For Book Beginnings:
My memories of Paris are never too distant, the colors never too far removed. My palette runs with the blue of violets, the burnt red of sienna, and the saffron yellow of cadmium, yet I remain chalked in a gray-walled studio on the outskirts of Tokyo.
- p. 1
For Friday 56:
For the past thirty years of his life he felt almost nonhuman. Neither a man nor a ghost. Perhaps something in between, a man made of wood.
- p. 56The Mask Carver's Son by Alyson Richman: 1890. Yamamoto Kiyoki is a Japanese art student, dreaming of studying in Paris with the inspiring and vibrant Impressionist painters.
Yamamoto Ryusei is Kiyoki’s father. Ryusei’s art, carving intricate masks for traditional Japanese theater, has been his refuge from loneliness since the death of his beloved wife, and he is revered as the most inspired artist of his kind. He expects his only son to honor the traditions of his family and his country, not to be seduced by Western ideas of what is beautiful. Ryusei hopes Kiyoki will follow his own distinguished career, creating masks that will become the family’s crowning achievement.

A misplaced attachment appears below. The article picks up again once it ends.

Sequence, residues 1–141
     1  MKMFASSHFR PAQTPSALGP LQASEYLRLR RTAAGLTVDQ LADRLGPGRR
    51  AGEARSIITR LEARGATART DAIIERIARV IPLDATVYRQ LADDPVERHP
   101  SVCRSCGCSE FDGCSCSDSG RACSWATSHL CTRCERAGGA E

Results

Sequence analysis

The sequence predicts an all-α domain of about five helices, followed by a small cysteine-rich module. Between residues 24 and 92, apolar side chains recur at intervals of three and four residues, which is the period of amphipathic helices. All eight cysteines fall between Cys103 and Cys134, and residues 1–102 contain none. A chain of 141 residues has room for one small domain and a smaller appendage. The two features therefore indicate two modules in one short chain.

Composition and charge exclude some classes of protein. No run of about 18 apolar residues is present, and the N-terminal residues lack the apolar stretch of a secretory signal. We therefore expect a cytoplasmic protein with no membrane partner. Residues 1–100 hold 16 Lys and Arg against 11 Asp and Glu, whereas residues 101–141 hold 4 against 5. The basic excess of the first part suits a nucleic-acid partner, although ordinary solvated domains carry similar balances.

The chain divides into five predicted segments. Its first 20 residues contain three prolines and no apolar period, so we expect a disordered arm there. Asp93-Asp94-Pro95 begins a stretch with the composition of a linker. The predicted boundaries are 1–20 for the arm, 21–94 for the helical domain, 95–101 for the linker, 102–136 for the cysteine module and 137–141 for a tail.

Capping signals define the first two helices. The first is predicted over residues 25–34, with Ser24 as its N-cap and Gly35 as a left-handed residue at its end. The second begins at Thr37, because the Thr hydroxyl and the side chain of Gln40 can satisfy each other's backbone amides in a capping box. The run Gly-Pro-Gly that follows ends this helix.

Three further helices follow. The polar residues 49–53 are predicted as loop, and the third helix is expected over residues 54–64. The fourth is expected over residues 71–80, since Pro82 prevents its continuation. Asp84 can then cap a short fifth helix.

But what is a father to do when his son’s path is not what he had planned? And how can a son honor his father, and yet fulfill his own destiny?